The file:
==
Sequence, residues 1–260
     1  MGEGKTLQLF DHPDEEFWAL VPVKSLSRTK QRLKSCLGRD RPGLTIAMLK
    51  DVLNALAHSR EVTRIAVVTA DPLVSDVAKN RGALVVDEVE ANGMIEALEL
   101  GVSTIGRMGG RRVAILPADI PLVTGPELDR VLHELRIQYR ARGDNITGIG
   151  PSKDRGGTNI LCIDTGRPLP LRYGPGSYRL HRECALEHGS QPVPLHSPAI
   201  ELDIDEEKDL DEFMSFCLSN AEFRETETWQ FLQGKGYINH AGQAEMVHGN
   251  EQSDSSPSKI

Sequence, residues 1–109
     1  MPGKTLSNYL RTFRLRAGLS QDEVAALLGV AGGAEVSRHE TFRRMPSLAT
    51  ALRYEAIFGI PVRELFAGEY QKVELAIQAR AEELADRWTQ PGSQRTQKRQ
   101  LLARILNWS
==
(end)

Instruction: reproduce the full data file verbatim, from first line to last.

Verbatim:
Sequence, residues 1–260
     1  MGEGKTLQLF DHPDEEFWAL VPVKSLSRTK QRLKSCLGRD RPGLTIAMLK
    51  DVLNALAHSR EVTRIAVVTA DPLVSDVAKN RGALVVDEVE ANGMIEALEL
   101  GVSTIGRMGG RRVAILPADI PLVTGPELDR VLHELRIQYR ARGDNITGIG
   151  PSKDRGGTNI LCIDTGRPLP LRYGPGSYRL HRECALEHGS QPVPLHSPAI
   201  ELDIDEEKDL DEFMSFCLSN AEFRETETWQ FLQGKGYINH AGQAEMVHGN
   251  EQSDSSPSKI

Sequence, residues 1–109
     1  MPGKTLSNYL RTFRLRAGLS QDEVAALLGV AGGAEVSRHE TFRRMPSLAT
    51  ALRYEAIFGI PVRELFAGEY QKVELAIQAR AEELADRWTQ PGSQRTQKRQ
   101  LLARILNWS